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Washington Times

It’s illegal to fire an employee who refuses to come to the office

By October 24, 2023No Comments

(This column originally appeared in the Washington Times)


National Labor Relations Board admonishes Elon Musk for asking workers to show up

The National Labor Relations Board, filled to the brim with President Biden’s appointees, has been busy these past few years.

Frustrated by Congress’ failure to pass a coronavirus aid bill in early 2021, which would have increased the national minimum wage to $15 an hour, changed worker classifications and given unions greater powers to organize, the board has taken matters into its own hands by expanding its activities to support workers’ rights.

Pushing its authority to the limit, the board has made it easier for unions to organize on company premises, allowed the formation of “micro-units” for smaller groups to unionize at a company, pushed through a union’s ability to hold votes quicker by using the less reliable card method to count votes. The board has supported and even rallied for unionization movements at dozens of larger companies including Starbucks and Amazon.

The board has also issued rules that disallow severance payments based on contingencies and has stepped up to publicly voice support for the Department of Labor’s pending rule to classify more independent contractors as employees in order to help unions increase their membership.

Wow, that’s a lot! But wait, there’s more. That’s because, as busy as the anti-business board has been, it’s apparently not busy enough. So why not get involved in the contentious work-from-home debate too?

That’s what the National Labor Relations Board is doing. Can you guess where the board stands on that? Spoiler alert: Not on the side of businesses. The board says that remote workers who refuse to come to the office cannot be fired for doing so. All they have to do is complain on social media. If they lose their job, an employer can be accused of “retaliatory actions.”

That’s what’s happening with Elon Musk at X. According to a report in The Wall Street Journal, the National Labor Relations Board — clearly not a supporter of Mr. Musk’s efforts to run a profitable business — last week charged Mr. Musk with violating the National Labor Relations Act because he warned his work-from-home employees, “If you can physically make it to an office and you don’t show up, resignation accepted.”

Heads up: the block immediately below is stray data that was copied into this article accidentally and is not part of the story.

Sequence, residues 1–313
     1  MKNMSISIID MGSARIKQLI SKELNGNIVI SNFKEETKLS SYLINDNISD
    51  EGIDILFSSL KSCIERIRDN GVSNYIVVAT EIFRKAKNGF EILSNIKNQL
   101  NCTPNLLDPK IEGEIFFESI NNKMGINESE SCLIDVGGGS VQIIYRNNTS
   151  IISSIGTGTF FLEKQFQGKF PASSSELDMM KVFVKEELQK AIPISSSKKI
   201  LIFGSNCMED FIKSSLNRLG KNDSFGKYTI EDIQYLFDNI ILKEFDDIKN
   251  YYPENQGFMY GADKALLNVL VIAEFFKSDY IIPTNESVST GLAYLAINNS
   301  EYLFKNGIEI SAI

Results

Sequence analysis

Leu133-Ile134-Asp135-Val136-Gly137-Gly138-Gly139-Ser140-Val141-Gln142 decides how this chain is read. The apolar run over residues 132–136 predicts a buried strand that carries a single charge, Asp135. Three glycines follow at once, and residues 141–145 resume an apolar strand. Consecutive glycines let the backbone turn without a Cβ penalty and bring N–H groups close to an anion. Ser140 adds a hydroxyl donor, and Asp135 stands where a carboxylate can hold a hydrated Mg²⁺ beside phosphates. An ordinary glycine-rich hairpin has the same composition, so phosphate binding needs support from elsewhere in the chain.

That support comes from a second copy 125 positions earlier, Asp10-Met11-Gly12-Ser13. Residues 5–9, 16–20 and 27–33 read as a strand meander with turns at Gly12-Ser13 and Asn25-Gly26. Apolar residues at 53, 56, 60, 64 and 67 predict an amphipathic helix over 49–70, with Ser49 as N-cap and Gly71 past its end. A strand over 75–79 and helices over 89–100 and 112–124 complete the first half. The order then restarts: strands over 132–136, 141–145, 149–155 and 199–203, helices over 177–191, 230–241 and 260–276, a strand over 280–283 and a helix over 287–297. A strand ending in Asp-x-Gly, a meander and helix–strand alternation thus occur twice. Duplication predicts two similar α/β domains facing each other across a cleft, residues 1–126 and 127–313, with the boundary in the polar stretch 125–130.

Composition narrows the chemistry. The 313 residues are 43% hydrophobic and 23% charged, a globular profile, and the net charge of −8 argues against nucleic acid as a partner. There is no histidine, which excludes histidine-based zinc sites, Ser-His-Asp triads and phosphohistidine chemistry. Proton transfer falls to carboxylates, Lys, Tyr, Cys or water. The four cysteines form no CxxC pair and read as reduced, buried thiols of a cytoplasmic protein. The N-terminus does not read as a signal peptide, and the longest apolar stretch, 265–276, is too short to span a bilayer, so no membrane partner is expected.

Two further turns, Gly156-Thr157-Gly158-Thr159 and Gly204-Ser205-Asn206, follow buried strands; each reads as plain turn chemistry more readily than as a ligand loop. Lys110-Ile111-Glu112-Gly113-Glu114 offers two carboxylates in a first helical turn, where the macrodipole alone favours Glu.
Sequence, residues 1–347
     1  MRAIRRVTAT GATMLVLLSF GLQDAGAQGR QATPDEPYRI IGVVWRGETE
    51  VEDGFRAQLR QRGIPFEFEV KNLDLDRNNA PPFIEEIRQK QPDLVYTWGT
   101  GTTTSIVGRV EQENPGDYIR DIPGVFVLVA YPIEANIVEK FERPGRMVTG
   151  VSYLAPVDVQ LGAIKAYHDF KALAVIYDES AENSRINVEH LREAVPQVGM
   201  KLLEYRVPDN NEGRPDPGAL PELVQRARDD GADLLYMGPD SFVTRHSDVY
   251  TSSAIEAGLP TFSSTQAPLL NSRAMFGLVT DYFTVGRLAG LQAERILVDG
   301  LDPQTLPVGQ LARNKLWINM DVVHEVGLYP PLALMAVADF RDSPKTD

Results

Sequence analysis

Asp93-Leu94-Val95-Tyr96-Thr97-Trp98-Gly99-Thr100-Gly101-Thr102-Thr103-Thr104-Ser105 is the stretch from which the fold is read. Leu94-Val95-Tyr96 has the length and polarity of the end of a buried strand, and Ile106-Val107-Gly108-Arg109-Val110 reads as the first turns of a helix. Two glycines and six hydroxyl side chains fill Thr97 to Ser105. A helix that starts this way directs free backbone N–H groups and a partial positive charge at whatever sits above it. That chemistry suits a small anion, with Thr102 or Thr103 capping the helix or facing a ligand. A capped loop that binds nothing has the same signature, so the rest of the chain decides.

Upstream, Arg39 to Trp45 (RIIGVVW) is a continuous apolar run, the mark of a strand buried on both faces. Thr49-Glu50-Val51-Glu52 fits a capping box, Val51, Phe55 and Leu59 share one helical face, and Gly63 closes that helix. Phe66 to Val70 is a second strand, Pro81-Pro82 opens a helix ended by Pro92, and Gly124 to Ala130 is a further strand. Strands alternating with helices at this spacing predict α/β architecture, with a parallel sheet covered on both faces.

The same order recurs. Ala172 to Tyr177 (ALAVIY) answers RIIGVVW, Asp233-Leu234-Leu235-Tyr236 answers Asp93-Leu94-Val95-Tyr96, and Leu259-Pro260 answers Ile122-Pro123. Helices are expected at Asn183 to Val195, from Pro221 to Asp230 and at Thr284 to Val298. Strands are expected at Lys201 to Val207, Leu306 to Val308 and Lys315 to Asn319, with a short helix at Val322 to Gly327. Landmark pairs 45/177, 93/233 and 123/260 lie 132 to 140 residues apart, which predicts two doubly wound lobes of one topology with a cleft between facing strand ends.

Apparently one software engineer refused to comply and complained (ironically) on X, and Mr. Musk was accused of taking retaliatory action when he did what he said he was going to do and terminated her employment.

Does this seem crazy to you? It seems crazy to me. The board is going after Elon Musk because he wanted his employee — who was capable of coming to the office — to come into the office. When the employee didn’t comply and she complained online, her termination was deemed a “violation.” Wow.

Already under the Biden administration and in the many blue states that support it, employers are forced to compensate workers for sick time and — in some states — for any time off. They’re being held responsible for the behavior of their employees both on and off their premises thanks to a new rule proposed by the Equal Employment Opportunity Commission. They’re being forced to pay higher minimum wages and provide mandated benefits if they want to do business with the government.

In California, fast-food franchisers must now pay wages as dictated by a group of appointed politicians.

And businesses can no longer use noncompete clauses to protect themselves from when an employee leaves to work for a competitor.

Now, business owners who require employees to return to the office could face scrutiny by the National Labor Relations Board if an employee refuses, complains and is fired.

The work-from-home issue is a major dilemma for my clients. While most have arrived at a compromise hybrid model that allows employees to work partially in the office and partially from their homes (and don’t get me started on those that choose to “work” from home on Mondays and Fridays), I have more than a few clients that are adamant that their employees come to the office, citing improved morale, socialization, mentoring, and the sharing of ideas as primary reasons.

Unfortunately, the board‘s recent stand interferes with how these business owners choose to run their businesses. Employees can now happily refuse to leave their furry slippers and scented candles behind, post a comment about the unfairness of it all and, if fired, sue their former employer for taking “retaliatory” action.

It’s important to ensure that workers are safe and not threatened while doing their jobs. But business owners also have a right to freely run their own businesses as they choose without the government interfering. That includes determining their compensation and workplace policies.

Most states have “at-will” employment laws, which give both employers and employees the right to terminate their relationship as they see fit. Putting aside harassment or discrimination, if an employer chooses to terminate an employee for not coming to work because it affects their performance and the profitability of the company — as Mr. Musk has done — then they should have every right to do so without being stopped by a pro-union, pro-worker arm of the current administration.

Unfortunately, this is the environment that exists today. Will that mindset change after 2024? Let’s hope so.

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